Investigation of Low Temperature Toughness and Crack Initiation In Welded Structural Steels
A 420 MPa HSLA steel has been investigated. Instrumented Charpy impact tests and quasi-static CTOD tests have been performed on specimens of weld simulated Coarse Grained Heat Affected Zone (CGHAZ) and Intercritically Reheated Coarse Grained Heat Affected Zone (ICCGHAZ) microstructures. Charpy specimens with both a conventional V-notch and a sharp crack obtained by fatigue pre-cracking have been tested above and below the ductile-to-brittle transition temperature. The aim of the first two parts has been to study the location of brittle fracture initiation sites in samples tested with both conventional V-notch and sharp fatigue pre-cracks. The fracture surfaces of CGHAZ and ICCGHAZ samples with both notch configurations have been examined in a Scanning Electron Microscope and the microstructures have been investigated in an Optical Light Microscope.
The transition curves obtained for all combinations of microstructure and notch configurations have been used to evaluate the effect of the blunt notch used in conventional Charpy testing as opposed to the sharp crack used in quasi-static fracture mechanical testing. In addition the effect of testing specimens with weld-simulated microstructures has been evaluated. The last part includes an evaluation of two different correlations that use Charpy impact test values to estimate fracture toughness obtained from quasi-static
fracture mechanical testing. The two correlations include the lower bound relation for lower shelf and lower transitional behaviour described in the British Standard BS7910 and Master Curve approach for the lower shelf transitional behaviour described in the American Society for Testing and Materials standard ASTM E1921.
The results show that the fracture toughness of the investigated steel is clearly deteriorated when subjected to welding, and was found to be lowest for the ICCGHAZ microstructure. The deteriorated fracture toughness is linked to the weld microstructures being more heterogeneous and to the MA constituents found in these. Introducing a fatigue pre-crack in the Charpy specimen was seen to have the effect of lowering the fracture resistance in terms of increasing the transition temperature. The difference in fracture toughness between the notched and pre-cracked was found to be largest within the transition region. The upper shelf plateau was found to be lower in the weld-microstructures tested compared to the base material. The scatter was found to be large within the transition region for all combinations of microstructure and notch sharpness, where the CGHAZ microstructure was shown to have the overall largest scatter. The test data was found to be more scattered when testing notched specimens compared to the pre-cracked specimens.
Several initiation sites were found close to the notch and fatigue pre-crack in the investigated fracture surfaces. For specimens with a pre-crack, the initiation sites were seen to occur closer to the fatigue crack than in the notched specimens tested at the same temperature for the same microstructure.The notched specimens show a more ductile appearance compared to the pre-cracked specimens at the same test temperature. A ductile region was found in front of the cleavage area in the samples tested at the highest test temperatures.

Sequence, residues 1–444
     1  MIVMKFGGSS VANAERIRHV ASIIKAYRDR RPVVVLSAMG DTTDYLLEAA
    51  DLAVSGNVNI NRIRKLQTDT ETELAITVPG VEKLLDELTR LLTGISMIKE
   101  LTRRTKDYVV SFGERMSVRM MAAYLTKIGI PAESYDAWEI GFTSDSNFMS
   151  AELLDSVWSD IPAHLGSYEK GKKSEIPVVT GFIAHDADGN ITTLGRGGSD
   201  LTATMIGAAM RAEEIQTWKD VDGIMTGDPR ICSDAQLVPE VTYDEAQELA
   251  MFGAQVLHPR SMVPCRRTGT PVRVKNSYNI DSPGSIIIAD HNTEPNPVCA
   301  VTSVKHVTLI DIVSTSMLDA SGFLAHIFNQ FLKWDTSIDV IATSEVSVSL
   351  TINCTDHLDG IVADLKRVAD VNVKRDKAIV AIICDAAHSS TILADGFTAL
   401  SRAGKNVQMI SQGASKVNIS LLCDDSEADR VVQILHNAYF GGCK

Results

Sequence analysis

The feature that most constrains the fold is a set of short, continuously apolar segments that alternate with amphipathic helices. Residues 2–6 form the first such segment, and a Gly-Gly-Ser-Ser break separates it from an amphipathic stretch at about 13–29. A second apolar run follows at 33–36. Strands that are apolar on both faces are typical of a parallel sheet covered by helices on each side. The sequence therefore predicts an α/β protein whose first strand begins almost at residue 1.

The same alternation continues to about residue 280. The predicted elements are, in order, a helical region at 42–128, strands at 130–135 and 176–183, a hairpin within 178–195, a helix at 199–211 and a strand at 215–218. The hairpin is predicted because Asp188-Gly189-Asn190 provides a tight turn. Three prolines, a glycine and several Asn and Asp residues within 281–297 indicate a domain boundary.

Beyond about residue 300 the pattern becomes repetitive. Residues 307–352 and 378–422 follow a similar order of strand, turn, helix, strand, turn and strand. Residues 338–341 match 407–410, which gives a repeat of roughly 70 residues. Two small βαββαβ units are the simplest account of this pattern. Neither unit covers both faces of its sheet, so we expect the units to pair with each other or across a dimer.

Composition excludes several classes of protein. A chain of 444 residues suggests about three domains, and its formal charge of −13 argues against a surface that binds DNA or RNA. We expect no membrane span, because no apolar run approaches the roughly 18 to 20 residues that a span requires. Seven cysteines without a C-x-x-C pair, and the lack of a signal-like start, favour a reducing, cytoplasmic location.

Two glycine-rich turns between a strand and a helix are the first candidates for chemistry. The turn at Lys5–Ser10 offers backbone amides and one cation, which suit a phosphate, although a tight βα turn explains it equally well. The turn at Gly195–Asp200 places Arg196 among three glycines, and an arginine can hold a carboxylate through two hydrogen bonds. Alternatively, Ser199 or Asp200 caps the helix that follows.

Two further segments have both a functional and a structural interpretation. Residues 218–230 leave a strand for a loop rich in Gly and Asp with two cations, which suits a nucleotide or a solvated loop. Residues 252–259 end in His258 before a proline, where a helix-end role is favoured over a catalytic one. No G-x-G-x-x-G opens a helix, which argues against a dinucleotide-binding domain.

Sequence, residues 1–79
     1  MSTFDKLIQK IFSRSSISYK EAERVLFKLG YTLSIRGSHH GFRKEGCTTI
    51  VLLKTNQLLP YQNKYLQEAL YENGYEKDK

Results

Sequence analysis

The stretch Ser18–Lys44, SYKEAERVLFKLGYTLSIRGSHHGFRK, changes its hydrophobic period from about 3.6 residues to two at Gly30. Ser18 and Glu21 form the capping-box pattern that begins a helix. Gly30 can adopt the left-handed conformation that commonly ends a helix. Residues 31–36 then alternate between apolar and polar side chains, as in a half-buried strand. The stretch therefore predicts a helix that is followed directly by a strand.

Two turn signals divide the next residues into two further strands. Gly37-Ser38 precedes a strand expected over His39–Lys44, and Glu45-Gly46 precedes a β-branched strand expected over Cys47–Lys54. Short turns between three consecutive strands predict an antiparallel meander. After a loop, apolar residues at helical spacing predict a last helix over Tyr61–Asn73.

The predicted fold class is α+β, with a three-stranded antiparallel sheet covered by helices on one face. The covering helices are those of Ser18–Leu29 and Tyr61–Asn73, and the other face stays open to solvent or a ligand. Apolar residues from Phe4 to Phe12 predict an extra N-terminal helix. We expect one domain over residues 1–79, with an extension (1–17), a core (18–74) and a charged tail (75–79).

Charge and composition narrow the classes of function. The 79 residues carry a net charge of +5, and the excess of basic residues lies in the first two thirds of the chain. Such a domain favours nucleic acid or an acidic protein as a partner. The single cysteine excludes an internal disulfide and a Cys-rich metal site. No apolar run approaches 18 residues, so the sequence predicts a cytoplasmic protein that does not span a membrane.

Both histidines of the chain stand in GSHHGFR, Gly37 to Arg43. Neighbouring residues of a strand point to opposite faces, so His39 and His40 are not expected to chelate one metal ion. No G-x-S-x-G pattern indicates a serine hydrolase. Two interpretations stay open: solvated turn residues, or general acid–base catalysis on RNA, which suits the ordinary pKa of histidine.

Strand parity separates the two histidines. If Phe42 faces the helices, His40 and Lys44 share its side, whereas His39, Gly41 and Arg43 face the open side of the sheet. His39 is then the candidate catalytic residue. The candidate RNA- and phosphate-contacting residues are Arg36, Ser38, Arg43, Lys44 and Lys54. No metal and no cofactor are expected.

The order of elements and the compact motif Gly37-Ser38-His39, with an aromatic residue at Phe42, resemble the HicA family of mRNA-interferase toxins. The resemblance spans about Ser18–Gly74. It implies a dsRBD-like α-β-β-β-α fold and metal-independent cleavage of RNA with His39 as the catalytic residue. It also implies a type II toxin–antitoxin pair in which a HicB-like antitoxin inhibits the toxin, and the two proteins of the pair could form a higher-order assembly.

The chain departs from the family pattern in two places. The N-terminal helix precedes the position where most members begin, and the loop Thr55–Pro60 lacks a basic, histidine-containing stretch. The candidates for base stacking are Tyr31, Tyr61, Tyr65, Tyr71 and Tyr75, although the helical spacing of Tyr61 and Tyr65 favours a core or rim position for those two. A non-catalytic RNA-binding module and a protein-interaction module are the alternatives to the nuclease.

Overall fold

Some of the parameters that can be obtained from the instrumented Charpy data recorded were discussed. These include the energy measured to maximum load, the energy measured to the onset of brittle fracture initiation and the fractions of the total measured energy these energies make. These were linked to the five different curve classes defined for instrumented Charpy curves. The increase in maximum load with curve class number was seen to resemble the increase in the measured CTOD values with temperature. The change in energies to maximum load and to the onset of brittle fracture with temperature were seen to have a shape that resembled the Charpy transition curves. The curve classes
obtained at the lowest test temperatures show signs of early fracture initiation. It has been challenging to classify some of these curves. The validity of these curves are also uncertain. This was mainly a result of early fracture initiation where un-dissipated inertia effects leads to oscillations in the measured load.
The lower bound relation after BS7910 was shown not shown to provide a good coefficient correlation for the microstructures tested, although conservative results were obtained for the pre-cracked parallels. The Master Curve relation was seen to provide better estimates of the CTOD. The degree of correlation was best for the ICCGHAZ microstructure tested. When using the MC correlation, changing the parameters in the correlation were shown to have a large impact on the degree of correlation. A difference in how the two standards investigated, ASTM E1921 and BS7910, define some of these parameters were also found. A suggestion in using data obtained from instrumented Charpy testing in obtaining new and alternative correlations to estimate parameters obtained from quasi-static fracture mechanical tests from Charpy test data was proposed.
Place, publisher, year, edition, pages
Institutt for produktutvikling og materialer , 2014. , 237 p.
IdentifiersURN: urn:nbn:no:ntnu:diva-26360Local ID: ntnudaim:11849OAI: oai:DiVA.org:ntnu-26360DiVA: diva2:746625
Akselsen, Odd Magne, Professor IIOstby, Erling